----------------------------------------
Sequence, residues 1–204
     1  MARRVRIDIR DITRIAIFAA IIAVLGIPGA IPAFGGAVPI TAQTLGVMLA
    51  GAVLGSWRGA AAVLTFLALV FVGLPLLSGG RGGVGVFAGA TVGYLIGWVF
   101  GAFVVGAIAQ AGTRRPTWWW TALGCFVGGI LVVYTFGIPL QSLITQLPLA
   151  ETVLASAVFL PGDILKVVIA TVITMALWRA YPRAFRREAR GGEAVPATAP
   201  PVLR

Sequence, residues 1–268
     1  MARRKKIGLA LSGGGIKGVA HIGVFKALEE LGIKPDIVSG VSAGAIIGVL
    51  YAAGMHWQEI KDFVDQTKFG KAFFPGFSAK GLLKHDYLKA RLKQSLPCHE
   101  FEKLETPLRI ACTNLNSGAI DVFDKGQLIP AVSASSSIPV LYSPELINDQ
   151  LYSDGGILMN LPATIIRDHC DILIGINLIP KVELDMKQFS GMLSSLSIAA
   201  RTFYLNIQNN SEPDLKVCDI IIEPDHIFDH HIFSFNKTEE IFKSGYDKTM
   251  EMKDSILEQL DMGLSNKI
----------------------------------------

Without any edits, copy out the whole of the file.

Sequence, residues 1–204
     1  MARRVRIDIR DITRIAIFAA IIAVLGIPGA IPAFGGAVPI TAQTLGVMLA
    51  GAVLGSWRGA AAVLTFLALV FVGLPLLSGG RGGVGVFAGA TVGYLIGWVF
   101  GAFVVGAIAQ AGTRRPTWWW TALGCFVGGI LVVYTFGIPL QSLITQLPLA
   151  ETVLASAVFL PGDILKVVIA TVITMALWRA YPRAFRREAR GGEAVPATAP
   201  PVLR

Sequence, residues 1–268
     1  MARRKKIGLA LSGGGIKGVA HIGVFKALEE LGIKPDIVSG VSAGAIIGVL
    51  YAAGMHWQEI KDFVDQTKFG KAFFPGFSAK GLLKHDYLKA RLKQSLPCHE
   101  FEKLETPLRI ACTNLNSGAI DVFDKGQLIP AVSASSSIPV LYSPELINDQ
   151  LYSDGGILMN LPATIIRDHC DILIGINLIP KVELDMKQFS GMLSSLSIAA
   201  RTFYLNIQNN SEPDLKVCDI IIEPDHIFDH HIFSFNKTEE IFKSGYDKTM
   251  EMKDSILEQL DMGLSNKI